TaxAct Online Tax Service
At a Glance
The best value; users get more than they pay for but will have to spend a little more time.
What TaxAct does best is offer advice. It's affiliated with J.K. Lasser, a prominent publisher of tax guides, and the site's links and tidbits from the J.K. Lasser help/FAQ database are obvious, abundant, and genuinely helpful.
In many instances the site explained the implications of my answers right up front without making me seek out the information. This kept things moving forward, whereas some competitors sent me on tangential research missions. Mini-alerts warned of errors along the way, so I didn't have to wait for the big error-check at the end.
I liked the site's intuitive navigation features, and I was a huge fan of the tabs across the top, which reveal menus and submenus that let users zero in on specific input screens quickly. However, the site's overall tendency to ask just one question per page rather than letting users answer several at once is a big drawback; the setup resulted in a lot of clicking and waiting, but at least I got to see the immediate results of my answers on the federal and state refund tickers.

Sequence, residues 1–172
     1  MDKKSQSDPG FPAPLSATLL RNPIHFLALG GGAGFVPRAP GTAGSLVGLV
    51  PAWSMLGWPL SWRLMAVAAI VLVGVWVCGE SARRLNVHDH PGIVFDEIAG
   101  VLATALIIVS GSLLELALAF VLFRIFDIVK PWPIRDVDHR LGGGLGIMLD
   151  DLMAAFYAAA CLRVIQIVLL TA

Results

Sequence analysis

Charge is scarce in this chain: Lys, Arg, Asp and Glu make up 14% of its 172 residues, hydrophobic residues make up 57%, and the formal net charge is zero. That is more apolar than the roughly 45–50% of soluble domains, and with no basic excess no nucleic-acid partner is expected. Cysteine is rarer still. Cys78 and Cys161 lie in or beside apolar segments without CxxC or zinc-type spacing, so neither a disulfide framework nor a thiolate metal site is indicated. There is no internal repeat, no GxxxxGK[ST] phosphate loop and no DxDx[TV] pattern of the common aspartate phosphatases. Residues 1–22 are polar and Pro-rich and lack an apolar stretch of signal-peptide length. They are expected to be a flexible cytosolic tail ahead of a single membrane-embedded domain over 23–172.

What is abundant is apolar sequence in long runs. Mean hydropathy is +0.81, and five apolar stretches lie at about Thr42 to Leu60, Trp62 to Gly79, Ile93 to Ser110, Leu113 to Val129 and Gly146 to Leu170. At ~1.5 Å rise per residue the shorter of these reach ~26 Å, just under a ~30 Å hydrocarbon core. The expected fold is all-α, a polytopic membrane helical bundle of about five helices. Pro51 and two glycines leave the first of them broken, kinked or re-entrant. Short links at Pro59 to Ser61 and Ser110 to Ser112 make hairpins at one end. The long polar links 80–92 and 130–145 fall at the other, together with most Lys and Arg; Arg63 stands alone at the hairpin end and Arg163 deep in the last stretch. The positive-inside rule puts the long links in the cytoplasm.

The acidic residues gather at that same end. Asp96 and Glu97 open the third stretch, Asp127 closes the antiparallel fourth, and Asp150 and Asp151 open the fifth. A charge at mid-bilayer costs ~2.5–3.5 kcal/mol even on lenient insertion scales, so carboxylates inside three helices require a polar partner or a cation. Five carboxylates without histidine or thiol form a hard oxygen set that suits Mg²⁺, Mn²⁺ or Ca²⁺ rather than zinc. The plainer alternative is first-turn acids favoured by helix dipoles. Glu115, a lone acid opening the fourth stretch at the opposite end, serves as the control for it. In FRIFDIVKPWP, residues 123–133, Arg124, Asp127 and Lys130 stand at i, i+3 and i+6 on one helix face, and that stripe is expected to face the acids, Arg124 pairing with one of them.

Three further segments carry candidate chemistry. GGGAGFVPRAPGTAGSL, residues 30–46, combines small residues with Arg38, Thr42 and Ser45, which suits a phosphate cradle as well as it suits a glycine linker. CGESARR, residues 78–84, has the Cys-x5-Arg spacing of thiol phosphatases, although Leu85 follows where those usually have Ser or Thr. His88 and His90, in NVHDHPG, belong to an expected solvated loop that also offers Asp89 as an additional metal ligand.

TaxAct allows users to import W-2 information from Paylocity or W-2 eXpress if their employers are affiliated with those sites. TaxAct doesn't import 1099 information directly from brokerage firms or financial institutions, but it does support 1099 data imports from the subscription-based investor site GainsKeeper. Everybody else will have to key everything in. The TaxAct Web-based service does not even support data imports from TaxAct desktop software.
I appreciated that TaxAct noticed the obviously fake Social Security number (123-45-6789) I used, reassuring me that the site does some analysis. TaxAct also saw that my Social Security and Medicare withholding taxes were not the correct percentage of wages (which are 6.2 percent and 1.45 percent of gross wages, respectively). But the site was not helpful in determining the fair market value (and thus the amount of my deduction) for donated goods.
Some users will be pleased about TaxAct's support for e-filing in more than one state (for an extra $13.95), although the page dedicated just to explaining which permutations of part-year-resident filing requirements result in your having to file by hand illustrates how the complex interaction of state and federal laws can convolute simple ideas.
Overall, though, for the price--$16.95 including one state--TaxAct is the best value of the tax sites I evaluated.